One theme I run into over and over again in political conversations is this: people are unwilling, or unable, to accept the fact that 'I want a law X passed' means - directly - the following:
I want the situation to be such that, if someone engages in act X, a sizable army of men with guns will either throw them into prison, or demand an amount - often sizable - of their money or possessions. If they fail to hand over said money or possessions, men with guns will take everything demanded of them and more, and they will be thrown in prison on top of it all.
I mean, this is obvious, right? This is what it means to pass a law, at least a law that actually gets enforced (and what's the point of passing a law that won't be enforced?) This is what it means to place a tax on an individual. These things are not backed, ultimately, by strongly written warnings from the community, the defiance of which means dirty looks when they go to the supermarket. Men with guns. Prison. Possessions taken away by force. This isn't really an avoidable realization. It's not particularly pleasant, but it's true.
The simple point here is that, if you're not willing to see this through - if you can think of a law that you'd like to see passed, but would NOT feel justified having someone dragged, kicking and screaming, out of what recently was their home so they can be transported to a small cement room where they will live for weeks, months or years if they fail to follow the law - then you actually wouldn't like to see that law passed. You're instead thinking of a way you wished the world was.
Personal example: I sure wish parents with screaming/crying toddlers would take their children out of a public area when their kids acted up. That'd make life a lot more pleasant at times, without a doubt. But I don't want a law against this passed, period, end of story. Maybe I'll endorse roundabout encouragement of parents to properly control and care for their children. Maybe I'll just deal with it when it happens, usually by going for the nearest exit, or at least out of earshot. I wish the world was a certain way, but no, I'm not going to ask my public officials to throw Mother Scream-Tolerance into the slammer, or take away her money, for failing to properly deal with her brat.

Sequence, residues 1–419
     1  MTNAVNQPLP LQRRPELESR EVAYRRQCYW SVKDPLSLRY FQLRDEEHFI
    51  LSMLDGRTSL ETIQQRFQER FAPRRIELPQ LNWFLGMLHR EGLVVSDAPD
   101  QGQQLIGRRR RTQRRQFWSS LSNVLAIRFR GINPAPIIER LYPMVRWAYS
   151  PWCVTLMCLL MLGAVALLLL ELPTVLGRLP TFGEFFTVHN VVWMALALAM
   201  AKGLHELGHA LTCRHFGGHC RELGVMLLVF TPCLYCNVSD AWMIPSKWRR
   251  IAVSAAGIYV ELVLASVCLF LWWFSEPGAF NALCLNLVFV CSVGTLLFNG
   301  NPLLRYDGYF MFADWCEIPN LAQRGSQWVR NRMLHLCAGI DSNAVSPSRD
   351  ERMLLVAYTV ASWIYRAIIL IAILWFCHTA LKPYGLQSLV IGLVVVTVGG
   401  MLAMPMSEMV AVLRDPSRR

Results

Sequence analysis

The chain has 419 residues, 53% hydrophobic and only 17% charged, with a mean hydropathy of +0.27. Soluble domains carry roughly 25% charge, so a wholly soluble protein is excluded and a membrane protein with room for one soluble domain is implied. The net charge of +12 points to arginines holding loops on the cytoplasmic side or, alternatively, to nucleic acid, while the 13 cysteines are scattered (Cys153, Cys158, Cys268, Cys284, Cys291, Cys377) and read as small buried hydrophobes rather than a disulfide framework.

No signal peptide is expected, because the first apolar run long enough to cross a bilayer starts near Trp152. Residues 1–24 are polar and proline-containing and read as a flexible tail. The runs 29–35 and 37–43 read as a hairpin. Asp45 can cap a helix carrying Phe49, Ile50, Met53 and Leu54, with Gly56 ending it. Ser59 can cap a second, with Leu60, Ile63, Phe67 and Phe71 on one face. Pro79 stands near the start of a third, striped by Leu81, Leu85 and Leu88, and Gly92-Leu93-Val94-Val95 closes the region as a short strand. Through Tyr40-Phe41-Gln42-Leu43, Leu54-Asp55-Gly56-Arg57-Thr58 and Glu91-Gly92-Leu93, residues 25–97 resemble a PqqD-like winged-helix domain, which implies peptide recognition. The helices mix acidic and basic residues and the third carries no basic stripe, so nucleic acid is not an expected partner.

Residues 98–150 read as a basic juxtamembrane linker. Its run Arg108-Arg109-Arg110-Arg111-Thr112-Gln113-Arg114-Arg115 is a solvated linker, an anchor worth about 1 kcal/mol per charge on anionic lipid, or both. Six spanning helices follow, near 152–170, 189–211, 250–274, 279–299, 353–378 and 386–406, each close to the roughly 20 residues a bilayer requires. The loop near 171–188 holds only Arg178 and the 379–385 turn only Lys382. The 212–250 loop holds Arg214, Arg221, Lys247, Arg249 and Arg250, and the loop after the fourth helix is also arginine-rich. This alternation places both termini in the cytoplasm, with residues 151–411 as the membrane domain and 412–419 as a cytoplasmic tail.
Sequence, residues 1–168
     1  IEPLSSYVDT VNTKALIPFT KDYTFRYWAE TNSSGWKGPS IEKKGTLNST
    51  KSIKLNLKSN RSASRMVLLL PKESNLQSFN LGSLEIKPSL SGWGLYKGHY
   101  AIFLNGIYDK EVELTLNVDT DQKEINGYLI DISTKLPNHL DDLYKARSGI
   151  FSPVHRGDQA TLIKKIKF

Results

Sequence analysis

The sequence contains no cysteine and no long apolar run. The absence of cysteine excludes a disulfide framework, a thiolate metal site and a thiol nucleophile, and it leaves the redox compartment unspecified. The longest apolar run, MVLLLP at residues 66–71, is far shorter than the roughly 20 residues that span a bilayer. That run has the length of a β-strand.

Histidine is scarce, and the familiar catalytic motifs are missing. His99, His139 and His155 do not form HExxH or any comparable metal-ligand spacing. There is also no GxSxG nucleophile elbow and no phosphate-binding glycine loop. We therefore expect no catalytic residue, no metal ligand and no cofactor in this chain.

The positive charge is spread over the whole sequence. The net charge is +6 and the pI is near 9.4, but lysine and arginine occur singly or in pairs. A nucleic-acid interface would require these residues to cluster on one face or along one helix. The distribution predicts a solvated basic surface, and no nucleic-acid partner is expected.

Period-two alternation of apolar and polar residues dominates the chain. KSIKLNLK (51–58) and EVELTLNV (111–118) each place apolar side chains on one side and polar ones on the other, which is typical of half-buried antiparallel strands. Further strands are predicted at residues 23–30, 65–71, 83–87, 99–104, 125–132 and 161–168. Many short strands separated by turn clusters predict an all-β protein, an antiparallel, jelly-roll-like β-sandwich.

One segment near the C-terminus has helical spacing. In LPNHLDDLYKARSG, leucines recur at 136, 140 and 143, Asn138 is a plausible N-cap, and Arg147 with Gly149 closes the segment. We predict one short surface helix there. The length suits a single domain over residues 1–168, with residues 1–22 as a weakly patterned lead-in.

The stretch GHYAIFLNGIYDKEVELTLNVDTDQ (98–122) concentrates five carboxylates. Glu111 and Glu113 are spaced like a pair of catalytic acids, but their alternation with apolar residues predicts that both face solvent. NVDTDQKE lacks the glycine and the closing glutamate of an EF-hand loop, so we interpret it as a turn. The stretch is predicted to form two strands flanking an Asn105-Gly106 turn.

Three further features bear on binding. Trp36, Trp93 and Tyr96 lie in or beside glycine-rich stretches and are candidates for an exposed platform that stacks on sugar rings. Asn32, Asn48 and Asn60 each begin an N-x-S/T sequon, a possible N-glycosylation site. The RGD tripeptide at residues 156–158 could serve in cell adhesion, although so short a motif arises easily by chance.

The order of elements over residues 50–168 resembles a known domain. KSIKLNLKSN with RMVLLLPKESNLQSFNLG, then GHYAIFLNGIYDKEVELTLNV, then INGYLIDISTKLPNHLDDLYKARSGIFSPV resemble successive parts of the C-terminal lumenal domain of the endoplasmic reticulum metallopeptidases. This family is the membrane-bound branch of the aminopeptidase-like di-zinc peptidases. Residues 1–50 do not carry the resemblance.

On the flipside, I am more than happy to endorse this reaction for - say - child molestation. With apologies to Mister Dawkins, yes, I believe if you engage in 'mild child sexual abuse', you should lose some of your possessions and a decent chunk of your freedom. The men with guns shall show up and move you to your new temporary/permanent home, by force if necessary, and I will not lose sleep over this.
But I think some people have trouble with these distinctions. And, non-sarcastically, it's understandable why they'd make this mistake. They think about the world they'd like to see, they think of ways to achieve what they want, and 'pass a law' shows up there in the list of possibilities. And in their imaginations, they don't always imagine the crucial part where the person who disobeys the law is punished severely, particularly if they don't go along with the 'And now you lose hundreds/thousands/more of your possessions' part of the law. They just imagine the part where everyone is following - maybe even happily - the new law, and that's that. It's a little like eating hamburgers. Lots of people love to eat them - many people mentally block out the whole 'This is what happens to the cow' part of the process. But that process takes place, whether you choose to accept it or not.
So whenever you're pondering a law you'd like to pass - some tax you'd like to see levied, some behavior you'd like to see outlawed - think it through. I mean really think through what you're asking, what is necessarily involved with getting this law enforced. There are other considerations, but if at the end of the day you don't want anyone to lose their money or their freedom for failing to comply, then - lo and behold - you don't really want that law passed after all. You would like the world to change. Work on making that difference instead of passing the law.